Dorothy graduated from Albany High School and went on to study art at Columbia in NYC. She returned to Albany and taught art for a couple of years at Albany High School, getting some free-lance magazine work, but she was determined to have a career as an illustrator. She returned to art school in Philadelphia and New York and then started pounding the pavements in New York City, portfolio in hand. One of her stops was at the new and tiny publishing firm, Alfred Knopf. Knopf was a year younger than Dorothy, eager to try new talent and snapping up European authors to publish in America.

3.jpgKnopf paired her with Walter de la Mare, an English poet and writer best known for his children’s books these days. Their first partnership was “The Three Mulla Muggars (a/k/a – “The Three Royal Monkeys”. He believed fervently in children’s natural inclination to live in a world of fantasy. Lathrop’s illustrations lead the reader into that realm and let them run wild. (Dorothy developed a close relationship with de la Mare; they collaborated on another 5 books.)

4She was off and running – at the beginning of prolific award-winning career. She illustrated almost 50 children’s books (and wrote of many of them herself) that drew on her love of animals and nature. In 1929 she was the co-winner of the Newbery Medal (the Medal is awarded by the American Library Association for “the most distinguished contribution to American literature for children” ) with writer Rachel Field for “Hitty, Her First Hundred Years”. It’s a wonderful story of a doll who travels the world for a century and writes her memoirs. (Hitty – the actual doll, owned by Rachel Fields and inspiration for the book, spent time on display in Harmanus Bleecker Library in Albany in 1930.)

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Two years later Dorothy was a Newbery runner-up for “The Fairy Circus”, which she wrote and illustrated. (I inherited all the Lathrop books from my mother and uncles. This may be my favorite; a group of fairies who put together a circus with all the little woodland creatures in their world, but I’m positively mad for all Lathrop’s books.)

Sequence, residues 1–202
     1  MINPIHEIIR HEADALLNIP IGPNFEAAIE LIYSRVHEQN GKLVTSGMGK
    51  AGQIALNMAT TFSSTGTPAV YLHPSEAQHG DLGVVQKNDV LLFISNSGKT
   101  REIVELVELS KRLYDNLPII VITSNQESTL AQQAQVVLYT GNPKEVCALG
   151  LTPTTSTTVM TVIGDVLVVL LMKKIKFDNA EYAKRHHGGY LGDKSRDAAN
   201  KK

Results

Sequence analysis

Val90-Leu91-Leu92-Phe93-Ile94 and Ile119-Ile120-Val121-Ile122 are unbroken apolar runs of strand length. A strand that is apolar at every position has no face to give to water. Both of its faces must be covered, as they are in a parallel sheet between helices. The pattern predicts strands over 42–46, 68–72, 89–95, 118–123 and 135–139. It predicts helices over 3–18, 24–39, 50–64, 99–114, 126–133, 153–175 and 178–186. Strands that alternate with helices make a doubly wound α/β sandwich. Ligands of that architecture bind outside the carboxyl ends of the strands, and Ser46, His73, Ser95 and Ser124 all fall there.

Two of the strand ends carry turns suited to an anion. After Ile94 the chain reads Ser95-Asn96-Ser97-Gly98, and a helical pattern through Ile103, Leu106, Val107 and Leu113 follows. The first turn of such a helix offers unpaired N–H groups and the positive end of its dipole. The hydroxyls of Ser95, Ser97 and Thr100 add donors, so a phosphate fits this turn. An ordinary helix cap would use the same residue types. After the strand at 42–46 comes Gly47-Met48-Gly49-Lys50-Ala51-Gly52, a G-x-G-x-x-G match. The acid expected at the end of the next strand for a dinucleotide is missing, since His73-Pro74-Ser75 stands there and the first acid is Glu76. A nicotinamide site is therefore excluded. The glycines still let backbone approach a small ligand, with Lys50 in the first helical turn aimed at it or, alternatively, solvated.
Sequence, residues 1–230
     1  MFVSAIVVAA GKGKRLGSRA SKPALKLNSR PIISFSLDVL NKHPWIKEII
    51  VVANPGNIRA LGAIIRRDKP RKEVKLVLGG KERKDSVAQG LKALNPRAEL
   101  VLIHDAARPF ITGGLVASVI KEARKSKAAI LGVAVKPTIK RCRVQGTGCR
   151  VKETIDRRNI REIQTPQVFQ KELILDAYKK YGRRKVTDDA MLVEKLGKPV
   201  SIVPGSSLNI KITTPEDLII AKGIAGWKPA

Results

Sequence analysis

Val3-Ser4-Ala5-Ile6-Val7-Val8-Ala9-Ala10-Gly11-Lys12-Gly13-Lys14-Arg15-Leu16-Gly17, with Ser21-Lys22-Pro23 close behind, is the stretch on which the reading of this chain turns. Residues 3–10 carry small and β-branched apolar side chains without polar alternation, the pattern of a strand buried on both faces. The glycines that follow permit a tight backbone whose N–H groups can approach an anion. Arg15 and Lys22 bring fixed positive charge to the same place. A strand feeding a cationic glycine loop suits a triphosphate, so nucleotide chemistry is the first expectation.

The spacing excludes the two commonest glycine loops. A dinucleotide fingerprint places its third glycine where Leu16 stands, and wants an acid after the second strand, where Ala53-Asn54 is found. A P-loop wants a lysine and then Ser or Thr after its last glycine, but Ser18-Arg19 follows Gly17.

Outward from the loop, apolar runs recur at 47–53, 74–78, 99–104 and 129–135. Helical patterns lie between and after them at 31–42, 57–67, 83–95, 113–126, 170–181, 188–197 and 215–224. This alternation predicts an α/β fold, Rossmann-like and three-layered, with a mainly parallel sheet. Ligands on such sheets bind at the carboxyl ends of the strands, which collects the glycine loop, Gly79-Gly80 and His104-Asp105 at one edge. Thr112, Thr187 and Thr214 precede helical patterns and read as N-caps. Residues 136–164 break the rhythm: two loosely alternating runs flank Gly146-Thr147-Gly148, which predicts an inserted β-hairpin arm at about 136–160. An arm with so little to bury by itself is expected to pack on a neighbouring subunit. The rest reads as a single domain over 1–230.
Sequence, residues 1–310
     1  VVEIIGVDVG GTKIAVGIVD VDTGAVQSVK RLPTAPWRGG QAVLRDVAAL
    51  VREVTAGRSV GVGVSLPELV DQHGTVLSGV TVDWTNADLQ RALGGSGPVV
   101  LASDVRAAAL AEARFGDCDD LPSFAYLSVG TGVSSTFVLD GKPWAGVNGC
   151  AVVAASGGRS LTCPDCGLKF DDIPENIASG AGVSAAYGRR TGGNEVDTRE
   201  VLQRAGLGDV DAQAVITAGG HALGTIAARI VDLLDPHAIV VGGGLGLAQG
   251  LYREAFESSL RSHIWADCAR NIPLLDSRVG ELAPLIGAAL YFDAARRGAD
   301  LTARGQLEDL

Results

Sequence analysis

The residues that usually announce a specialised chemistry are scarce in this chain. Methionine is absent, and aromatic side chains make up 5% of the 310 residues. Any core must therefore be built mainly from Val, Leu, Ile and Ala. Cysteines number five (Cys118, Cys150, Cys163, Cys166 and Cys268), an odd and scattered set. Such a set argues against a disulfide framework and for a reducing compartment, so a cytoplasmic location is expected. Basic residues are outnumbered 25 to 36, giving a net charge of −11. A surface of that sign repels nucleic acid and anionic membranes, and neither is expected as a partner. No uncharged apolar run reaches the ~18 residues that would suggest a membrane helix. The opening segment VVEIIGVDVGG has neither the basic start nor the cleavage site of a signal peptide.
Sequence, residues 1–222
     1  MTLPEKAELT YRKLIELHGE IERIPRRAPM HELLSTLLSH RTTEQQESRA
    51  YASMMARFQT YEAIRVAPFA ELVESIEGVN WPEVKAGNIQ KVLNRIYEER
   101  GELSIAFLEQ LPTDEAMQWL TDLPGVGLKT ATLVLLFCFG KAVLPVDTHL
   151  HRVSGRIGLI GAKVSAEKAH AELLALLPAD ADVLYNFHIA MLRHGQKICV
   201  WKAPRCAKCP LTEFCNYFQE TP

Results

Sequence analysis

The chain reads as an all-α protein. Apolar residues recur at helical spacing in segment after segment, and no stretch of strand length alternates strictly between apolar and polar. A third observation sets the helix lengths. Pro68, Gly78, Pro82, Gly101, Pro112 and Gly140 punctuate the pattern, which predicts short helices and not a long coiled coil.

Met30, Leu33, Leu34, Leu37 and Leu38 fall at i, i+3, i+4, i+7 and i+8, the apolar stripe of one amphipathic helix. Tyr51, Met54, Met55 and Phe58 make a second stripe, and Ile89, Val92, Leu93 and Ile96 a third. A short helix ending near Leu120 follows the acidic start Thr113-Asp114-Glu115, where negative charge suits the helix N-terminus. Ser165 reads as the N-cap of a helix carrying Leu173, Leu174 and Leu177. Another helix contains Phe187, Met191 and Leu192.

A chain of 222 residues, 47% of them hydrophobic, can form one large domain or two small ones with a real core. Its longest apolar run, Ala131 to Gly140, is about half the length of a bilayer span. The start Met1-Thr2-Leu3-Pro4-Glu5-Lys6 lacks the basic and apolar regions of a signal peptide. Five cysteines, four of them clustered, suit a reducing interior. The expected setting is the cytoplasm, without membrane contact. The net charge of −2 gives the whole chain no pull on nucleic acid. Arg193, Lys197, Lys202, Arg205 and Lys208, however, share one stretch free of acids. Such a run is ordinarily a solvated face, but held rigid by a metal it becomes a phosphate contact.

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9In 1938 she was the first winner of the Caldecott Medal (awarded by the American Library Association) for the “most distinguished American picture book for children” for ”Animals in the Bible”. She said in her acceptance speech, “I can’t help wishing that just now all of you were animals. Of course technically you are, but if only I could look down into a sea of furry faces, I would know better what to say.”

 

 

1Dorothy continued to work in the realm of children’s lit into her 60s, but in the early 1950s she turned to non-fiction as well. In “Let them live” (1951) she was one the first to warn against the destruction of the natural habitats and eco-systems that support wildlife.

Dorothy called Albany home until the mid-1950s She was a founding member of the Albany Print Club (her specialty was wood block prints, although she was proficient in all media); her papers are in its permanent collection. Sometimes, she could be found reading her books at story hour in some of the local library branches. In 1954, Dorothy and Gertrude moved to the Falls Village, Ct., but still spent considerable time in Albany. Her work, and that of Gertrude, a sculptor, was displayed at the Institute and other venues. (The Institute has the work of Ida, Dorothy and Gertrude in their collection.)

12I have a dim recollection of seeing Dorothy at the John Mistletoe book store (originally on Lark St. – subsequently it moved around the corner to Washington Ave.). The Mistletoe was first owned by her good friends Eleanor Foote and then Mary and Ed French. It had a great children’s section and from time to time Dorothy would appear at events. She was a tall, kind and soft-spoken woman who seemed more a home with kids than adults.